With Bradshaw back, Brown's role up in air

EAST RUTHERFORD, N.J. -- Andre Brown is coming off the best game of his football career ... and is headed back to the bench.

Well, not exactly. But he won't be starting when the Giants face the Eagles in Philadelphia on Sunday night. Ahmad Bradshaw will be, now that he has been cleared to resume practicing. Coach Tom Coughlin confirmed that Wednesday.

But he also confirmed Brown has earned a more significant role in the Giants' offense going forward. "Yeah, definitely," Coughlin said.

That's still a step up for Brown, who had just two carries in his first three years in the NFL. When Bradshaw went down with a neck injury against the Buccaneers in Week 2, Coughlin turned to Brown, as opposed to first-round draft pick David Wilson. And Brown rewarded him, carrying the ball 13 times for 71 yards and a touchdown in the Giants' 41-34 comeback win.

Against the Panthers last week, he was even better. Playing in front of family and friends in his home state of North Carolina, Brown had 20 rushes for 113 yards and two touchdowns in a 36-7 blowout victory.

But now, just two weeks after getting his big break, he takes a backseat to Bradshaw -- which can't be easy.

"Coach told me just continue to be prepared, and whatever happens, happens," Brown said Wednesday. "That's all I can do."

Is there room for more than one running back to make a big impact on this team? Sure. Recall the 2008 Giants, who featured a pair of 1,000-yard rushers -- Brandon Jacobs (1,089) and Derrick Ward (1,025) -- plus Bradshaw, who added 355 yards in his second year in the league.

That trio earned the nickname "Earth, Wind and Fire" -- even featured on T-shirts by the end of that season.

"That'd be nice," said Brown, when the 2008 trio was mentioned to him. "All I can do is just go out there and prepare. Ahmad's the starter, Dave [Wilson], we got Da'Rel (Scott). We just go out there and work hard and let everything else fall into place."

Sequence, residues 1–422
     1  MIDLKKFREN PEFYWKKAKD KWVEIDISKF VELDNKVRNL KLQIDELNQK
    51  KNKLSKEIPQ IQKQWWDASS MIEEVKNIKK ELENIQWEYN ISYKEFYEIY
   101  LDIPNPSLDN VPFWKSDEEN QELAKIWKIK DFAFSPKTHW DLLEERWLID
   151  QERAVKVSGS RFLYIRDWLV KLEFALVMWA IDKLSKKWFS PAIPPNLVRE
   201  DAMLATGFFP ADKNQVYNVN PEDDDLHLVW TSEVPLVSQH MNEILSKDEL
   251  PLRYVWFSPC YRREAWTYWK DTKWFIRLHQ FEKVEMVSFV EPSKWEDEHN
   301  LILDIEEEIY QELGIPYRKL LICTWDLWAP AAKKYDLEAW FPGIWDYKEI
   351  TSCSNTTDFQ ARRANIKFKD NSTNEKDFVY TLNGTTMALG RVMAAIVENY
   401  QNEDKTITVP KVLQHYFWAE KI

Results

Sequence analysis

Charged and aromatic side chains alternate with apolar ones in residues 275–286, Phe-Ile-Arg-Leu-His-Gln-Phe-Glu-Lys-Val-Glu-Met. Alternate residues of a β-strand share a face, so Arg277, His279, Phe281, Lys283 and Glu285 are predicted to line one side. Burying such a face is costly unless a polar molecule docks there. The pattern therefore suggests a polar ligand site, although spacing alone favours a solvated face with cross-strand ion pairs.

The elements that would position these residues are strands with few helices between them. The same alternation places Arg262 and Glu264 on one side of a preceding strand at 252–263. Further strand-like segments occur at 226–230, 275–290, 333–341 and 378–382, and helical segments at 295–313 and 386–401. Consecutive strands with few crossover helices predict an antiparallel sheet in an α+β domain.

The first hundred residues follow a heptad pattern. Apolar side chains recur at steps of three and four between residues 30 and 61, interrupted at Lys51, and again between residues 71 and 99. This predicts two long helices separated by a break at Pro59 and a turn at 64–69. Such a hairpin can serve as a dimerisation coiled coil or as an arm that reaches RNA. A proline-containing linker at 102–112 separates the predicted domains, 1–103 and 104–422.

Coughlin said the team will have a plan about how they're going to use both Bradshaw and Brown -- although he wouldn't tip his hand to reporters. "Well, at this point in time, it'll be according to however we plan to use them," said Coughlin, when asked about divvying up the carries. "(But) naturally, we reserve the right (to go with) who has the hot hand."

Brown has been the "hotter" of the two running backs so far this season -- averaging 5.6 yards per carry, compared to Bradshaw's average of 4.3. But Bradshaw has much more of an NFL track record, including a 1,235-yard season in 2010.

Brown admitted that it will be a challenge, continuing to be as productive when getting fewer opportunities. "Playing running back, once you get three carries, four carries, you get in a groove of things," Brown said.

But he'll be happy with any opportunities he gets, after spending three years on the bench, waiting for his chance to play.

"I just feel like, if we're splitting the carries, I'm just gonna have to take advantage of every carry," Brown said. "I just wanna stay out there and try to take advantage of every carry I get."